The Fed is ignoring Trump: this is a fight he cannot win | Nils Pratley

The US president has attacked Jerome Powell again, but the central bank is simply dealing with economic reality

In the past month Donald Trump has called the US Federal Reserve “crazy”, “out of control” and “loco”. This week he returned for another bite. The Fed is the “my biggest threat”, said the president, and he is “not happy” with the chairman, Jerome Powell, an official he nominated to office less than a year ago.

The upwards adjustments to US interest rates are “too fast”, argued Trump, because inflation is “very low”.

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Hundreds join growing list of Britain’s ultra-rich

Fortunes of already wealthy people grow much faster than that of general population

The UK’s ranks of the ultra-rich have swelled by 400 over the last year, taking the number of people with fortunes of more than $50m (£38m) to nearly 5,000.

The fortunes of the already very wealthy are growing at a far faster rate than the general population, according to a report by the Swiss bank Credit Suisse published on Thursday.

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UK and US pull out of Saudi event over alleged murder of Jamal Khashoggi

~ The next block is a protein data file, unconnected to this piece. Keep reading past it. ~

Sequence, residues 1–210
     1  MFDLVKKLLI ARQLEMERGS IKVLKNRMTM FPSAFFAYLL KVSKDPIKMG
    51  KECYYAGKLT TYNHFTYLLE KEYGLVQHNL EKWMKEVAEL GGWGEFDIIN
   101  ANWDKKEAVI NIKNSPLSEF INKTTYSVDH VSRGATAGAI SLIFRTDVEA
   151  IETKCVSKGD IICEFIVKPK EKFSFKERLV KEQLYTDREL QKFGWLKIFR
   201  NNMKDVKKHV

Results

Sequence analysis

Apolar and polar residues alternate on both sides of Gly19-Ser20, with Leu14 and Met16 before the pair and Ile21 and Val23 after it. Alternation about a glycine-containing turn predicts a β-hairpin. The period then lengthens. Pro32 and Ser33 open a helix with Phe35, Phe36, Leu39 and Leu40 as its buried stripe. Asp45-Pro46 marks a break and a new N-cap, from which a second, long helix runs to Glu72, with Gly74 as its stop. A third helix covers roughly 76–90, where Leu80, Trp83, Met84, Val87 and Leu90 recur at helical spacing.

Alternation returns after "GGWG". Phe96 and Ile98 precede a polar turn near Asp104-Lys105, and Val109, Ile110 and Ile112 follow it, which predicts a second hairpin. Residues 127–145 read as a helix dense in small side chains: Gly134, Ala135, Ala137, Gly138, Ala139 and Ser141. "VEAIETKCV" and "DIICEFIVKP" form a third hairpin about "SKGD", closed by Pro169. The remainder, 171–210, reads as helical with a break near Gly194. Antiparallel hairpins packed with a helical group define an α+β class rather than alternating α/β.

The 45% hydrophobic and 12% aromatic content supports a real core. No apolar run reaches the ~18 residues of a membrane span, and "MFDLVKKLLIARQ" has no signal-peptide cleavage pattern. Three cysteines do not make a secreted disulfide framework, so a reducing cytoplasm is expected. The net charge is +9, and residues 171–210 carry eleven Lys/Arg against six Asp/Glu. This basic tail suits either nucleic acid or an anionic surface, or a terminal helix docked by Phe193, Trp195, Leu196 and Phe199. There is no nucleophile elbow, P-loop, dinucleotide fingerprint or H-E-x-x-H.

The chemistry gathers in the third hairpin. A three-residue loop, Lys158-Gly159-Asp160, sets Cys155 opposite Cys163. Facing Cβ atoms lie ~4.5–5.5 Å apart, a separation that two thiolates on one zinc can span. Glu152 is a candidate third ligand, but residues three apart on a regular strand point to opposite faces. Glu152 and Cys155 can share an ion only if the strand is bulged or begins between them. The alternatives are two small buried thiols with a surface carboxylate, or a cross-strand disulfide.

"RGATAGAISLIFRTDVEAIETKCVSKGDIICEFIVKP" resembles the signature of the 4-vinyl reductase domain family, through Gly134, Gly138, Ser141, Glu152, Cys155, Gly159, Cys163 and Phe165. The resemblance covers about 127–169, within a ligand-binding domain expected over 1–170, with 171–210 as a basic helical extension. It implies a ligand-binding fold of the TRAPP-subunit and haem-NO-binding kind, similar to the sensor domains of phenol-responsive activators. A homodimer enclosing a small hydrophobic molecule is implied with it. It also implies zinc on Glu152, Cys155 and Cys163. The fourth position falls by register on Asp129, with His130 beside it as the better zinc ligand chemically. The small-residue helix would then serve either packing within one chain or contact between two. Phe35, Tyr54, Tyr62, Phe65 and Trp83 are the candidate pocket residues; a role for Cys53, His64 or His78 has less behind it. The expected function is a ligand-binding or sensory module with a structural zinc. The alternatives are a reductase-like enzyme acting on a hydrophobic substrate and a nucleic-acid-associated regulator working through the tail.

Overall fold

UK trade secretary, Liam Fox, and US Treasury secretary, Steven Mnuchin, join others in boycotting economic forum in Riyadh

Liam Fox, the UK trade secretary, and the US Treasury secretary, Steven Mnuchin, joined key European partners in pulling out of a major economic forum in Saudi Arabia nicknamed Davos in the desert, in response to the alleged murder of the journalist Jamal Khashoggi.

Reports of Khashoggi’s gruesome murder at the hands of a gang of 15 men with links to the Saudi royal court have already led to many western media firms and bankers pulling out, and the political lead from Fox and Mnuchin is likely to accelerate the boycott of the Future Investment Initiative (FII) conference in Riyadh next week.

Related: As Trump cozies up to Saudi Arabia, the rule of law collapses further | Richard Wolffe